NEW ARCHITECTURE FOR NOT-SO-NEW BALLETS
Seven new ballets. Four commissioned scores. One renowned architect. This is what New York City Ballet offered over the course of its eight-week spring season, called Architecture of Dance. With nearly one new ballet every week—along with repertoire by George Balanchine and Jerome Robbins—it was hard to keep up. Of the four works I saw, by Mauro Bigonzetti, Benjamin Millepied, Alexei Ratmansky, and Wayne McGregor, none were groundbreaking but none were immediately forgettable, either. In cases where the costumes, music, or set designs shined, choreographic innovation was lacking (Ratmansky’s piece was an exception), which left me with a feeling of same old, same old.
Five of the new works (two of which I saw) featured set designs by Santiago Calatrava, a Spanish-born architect making his debut as a set designer. A painter, sculptor, and engineer best known for his architectural achievements, the New Yorker has noted that his structures “don’t sit on the ground; they dance above it.” At Lincoln Center in May and June, the connection between dance and Calatrava’s work was made even more explicit.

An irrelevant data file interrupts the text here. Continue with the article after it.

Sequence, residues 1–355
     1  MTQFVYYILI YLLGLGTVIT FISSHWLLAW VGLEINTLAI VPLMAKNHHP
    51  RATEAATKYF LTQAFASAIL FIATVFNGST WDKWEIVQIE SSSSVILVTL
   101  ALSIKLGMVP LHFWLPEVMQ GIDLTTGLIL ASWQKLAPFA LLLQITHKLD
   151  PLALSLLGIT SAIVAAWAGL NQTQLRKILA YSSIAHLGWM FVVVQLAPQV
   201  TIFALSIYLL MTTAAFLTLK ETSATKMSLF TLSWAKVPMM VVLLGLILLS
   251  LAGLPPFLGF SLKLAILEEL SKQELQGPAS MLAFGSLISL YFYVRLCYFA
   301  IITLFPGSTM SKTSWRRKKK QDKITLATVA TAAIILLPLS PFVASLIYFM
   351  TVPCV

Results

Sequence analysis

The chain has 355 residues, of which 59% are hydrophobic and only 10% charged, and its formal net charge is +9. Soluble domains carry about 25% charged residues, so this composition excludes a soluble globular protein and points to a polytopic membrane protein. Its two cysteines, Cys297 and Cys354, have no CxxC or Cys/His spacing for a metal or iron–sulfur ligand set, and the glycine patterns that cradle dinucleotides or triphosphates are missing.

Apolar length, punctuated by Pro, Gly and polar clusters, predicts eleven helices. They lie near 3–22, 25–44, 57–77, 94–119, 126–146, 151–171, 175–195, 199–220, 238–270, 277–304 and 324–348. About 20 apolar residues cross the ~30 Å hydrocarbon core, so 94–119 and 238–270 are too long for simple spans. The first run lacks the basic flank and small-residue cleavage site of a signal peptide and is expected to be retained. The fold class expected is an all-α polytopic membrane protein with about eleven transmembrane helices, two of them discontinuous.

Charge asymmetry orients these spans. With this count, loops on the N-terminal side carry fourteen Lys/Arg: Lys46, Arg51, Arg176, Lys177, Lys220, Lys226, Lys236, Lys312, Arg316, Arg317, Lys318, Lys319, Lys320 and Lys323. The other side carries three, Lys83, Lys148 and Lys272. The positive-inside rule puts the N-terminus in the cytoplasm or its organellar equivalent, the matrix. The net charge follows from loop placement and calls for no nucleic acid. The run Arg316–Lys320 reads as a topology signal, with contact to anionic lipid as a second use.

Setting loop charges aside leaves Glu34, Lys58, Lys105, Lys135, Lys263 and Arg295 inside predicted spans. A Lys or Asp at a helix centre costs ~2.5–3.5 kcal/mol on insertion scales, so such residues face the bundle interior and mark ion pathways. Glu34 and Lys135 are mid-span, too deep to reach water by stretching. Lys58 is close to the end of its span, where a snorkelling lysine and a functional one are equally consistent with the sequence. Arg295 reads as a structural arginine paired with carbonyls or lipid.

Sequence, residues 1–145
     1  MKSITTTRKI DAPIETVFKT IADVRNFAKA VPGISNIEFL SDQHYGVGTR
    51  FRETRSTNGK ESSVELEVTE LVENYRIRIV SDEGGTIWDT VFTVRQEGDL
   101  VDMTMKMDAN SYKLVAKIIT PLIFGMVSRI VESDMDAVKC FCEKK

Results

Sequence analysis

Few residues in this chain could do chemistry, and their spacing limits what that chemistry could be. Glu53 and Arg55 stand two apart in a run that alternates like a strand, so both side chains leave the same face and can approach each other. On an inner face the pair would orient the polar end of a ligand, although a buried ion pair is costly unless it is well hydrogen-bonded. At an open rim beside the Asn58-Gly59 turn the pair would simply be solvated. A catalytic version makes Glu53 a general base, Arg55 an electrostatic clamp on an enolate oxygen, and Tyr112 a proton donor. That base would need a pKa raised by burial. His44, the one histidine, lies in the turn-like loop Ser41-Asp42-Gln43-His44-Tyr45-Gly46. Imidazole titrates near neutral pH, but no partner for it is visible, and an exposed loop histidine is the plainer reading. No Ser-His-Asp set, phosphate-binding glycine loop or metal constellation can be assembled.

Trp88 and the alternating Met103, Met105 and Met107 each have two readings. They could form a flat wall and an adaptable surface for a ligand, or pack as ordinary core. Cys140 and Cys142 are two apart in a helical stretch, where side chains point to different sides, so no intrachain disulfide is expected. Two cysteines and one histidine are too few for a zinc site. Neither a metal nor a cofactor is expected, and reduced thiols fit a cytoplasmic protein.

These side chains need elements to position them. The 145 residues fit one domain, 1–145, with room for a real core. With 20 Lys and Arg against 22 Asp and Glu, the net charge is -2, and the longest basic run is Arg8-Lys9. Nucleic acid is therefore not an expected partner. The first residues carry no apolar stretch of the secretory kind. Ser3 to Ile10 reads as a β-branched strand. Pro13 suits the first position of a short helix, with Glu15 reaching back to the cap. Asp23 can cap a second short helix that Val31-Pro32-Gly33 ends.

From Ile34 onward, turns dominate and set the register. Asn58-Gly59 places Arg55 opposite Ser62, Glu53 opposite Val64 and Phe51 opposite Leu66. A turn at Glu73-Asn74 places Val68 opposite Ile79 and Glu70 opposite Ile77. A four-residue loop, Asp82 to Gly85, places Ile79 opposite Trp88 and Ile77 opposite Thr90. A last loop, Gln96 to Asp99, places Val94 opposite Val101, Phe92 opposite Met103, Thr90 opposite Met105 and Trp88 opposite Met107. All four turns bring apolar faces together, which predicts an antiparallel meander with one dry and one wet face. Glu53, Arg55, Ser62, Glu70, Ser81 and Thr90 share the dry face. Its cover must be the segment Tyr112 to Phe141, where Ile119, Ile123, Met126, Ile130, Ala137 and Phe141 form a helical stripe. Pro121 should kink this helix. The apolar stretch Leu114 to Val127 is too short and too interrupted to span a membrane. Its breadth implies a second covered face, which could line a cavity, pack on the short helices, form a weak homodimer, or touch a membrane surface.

The first of Calatrava’s designs could be seen in Benjamin Millepied’s Why am I not where you are at the company’s opening night performance on April 29th. Thierry Escaich’s lush, orchestral score accompanied the 20 dancers in what appeared to be a mysterious ballroom. Instead of displaying a chandelier, the ballet featured a gorgeous metal arch that sat delicately on the stage, with its inner spokes vibrating throughout the piece.